Thursday, November 5, 2015

Television, Marquee Moon Piece

In 2001, I drove 12 hours to Chicago, just to see Television perform. At the time, the band had reformed after a eight-year hiatus, and were only going to play one show in the US, the Noise Pop festival, after a brief European tour. The venue in Chicago was packed, and insanely humid, due to their air conditioner conking out. The emcee introduced the band to great fanfare, whereupon guitarist and singer Tom Verlaine walked on stage, and spent the next ten mintues setting up his effects pedals. The band, and the whole audience, just stood there quietly, waiting for him to finish and begin playing. It got so humid that one of my lenses warped and locked on one of my cameras, rendering the camera and lens useless for the rest of the show. It was not a perfect show, but seven songs into the set, the band played “See No Evil,” the opening song on Marquee Moon, and absolutely nailed it. At that moment, the trip to Chicago seemed totally justified.

Marquee Moon, Television’s debut album, demonstrates the differences in the New York City punk scene of the time, and the English punk scene that was also emerging at that same moment. The punk scene in England, as enjoyable as it sill is to hear much of that music, was based as much about a new look and attitude than it was the music. The scene in New York City grew out of a young group of musicians that wanted to create something different. Something that wasn’t on the radio, or the TV. Yet. In New York, Television, the Ramones, Patti Smith (who had dated Verlaine for some time), Blondie (who bassist Fred Smith had bolted from to join Television), Wayne County, Talking Heads, and many more were all “punk”. 

All of these artists were also looking for places to play, which is why they all gravitated to one place- CBGB’s- and made it their new home. Verlaine and original band bassist Richard Hell had been the first to walk into the club in 1974, and the new music scene soon folllowed. Television were not only influential musicians, they were also groundbreaking in the New York scene. Their first single, 1975’s “Little Johnny Jewel”, is now considered one of the first singles of the punk rock music that was soon to arrive.

Television were also punks that could really play, with a dexterity and ferocity that few other bands had. The intertwining guitars of Verlaine and Richard Lloyd run rings around melodies. The band was also one of the few “punk” bands that took their cues from jazz albums. The songs credits on Marquee Moon credit the solos that Verlaine and Lloyd play, including who played which solo, and in which order, an idea that the band got from looking at the liner notes of jazz records.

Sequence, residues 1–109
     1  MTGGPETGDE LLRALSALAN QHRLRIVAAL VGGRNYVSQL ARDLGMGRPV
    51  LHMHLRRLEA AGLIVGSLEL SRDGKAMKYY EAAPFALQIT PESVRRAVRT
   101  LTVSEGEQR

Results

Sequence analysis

Marquee Moon was recorded in September of 1976, and released in May of the following year. The band signed to Elektra with the understanding that Verlaine would produce the record, despite having very little production experience. Verlaine ended up co-producing the album with engineer Andy Johns, who had worked with the Rolling Stones, and was able to get the guitar sounds that both Verlaine and Lloyd wanted. Many of the songs on the record was done in one take, which included the ten minute title track. 

The lyrics are an expression of everything, all at once. Youth falling into adulthood. Falling into the arms of Venus de Milo, wandering New York with dreams of its possibilities, both good and bad. Even Verlaine himself has said that he’s not sure what all the lyrics mean. The songs lend themselves to endless interpretation, and for new listeners to find their own hidden meanings.

The cover shot was photographed by Robert Mapplethrope, who had also done the cover of Patti Smith’s debut album, Horses. The band took Mapplethorpe’s print of the photo, and had it reprinted to a photocopy store, which was then used on the album’s cover. The look of the photo also represents the tension that existed in the music, and in the personalities that made up the band. The band would only last for one more album, before splitting for the first time in 1978. The band has since reformed a few times since then, and are currently touring again, minus Richard Lloyd.

Marquee Moon, to me, represents one of those beautiful moments where the possibilities are endless, and something new emerges to influence all that arrive in its wake.  I have heard bands cover “See No Evil”, and listened as grown men shouted gutteral squeals of joy at hearing their favorite song played live. If anyone ever comes to my house while I’m playing Marquee Moon, that person will always stop and say, “Wow! This is great! What is this?” It literally happens every time. Marquee Moon is the sound of four people reaching out to create something diffferent, and better. And we’re still listening to that achievement.

Listen in, listen on and enjoy.

This case is closed. 
-Daniel Coston
November 5, 2015

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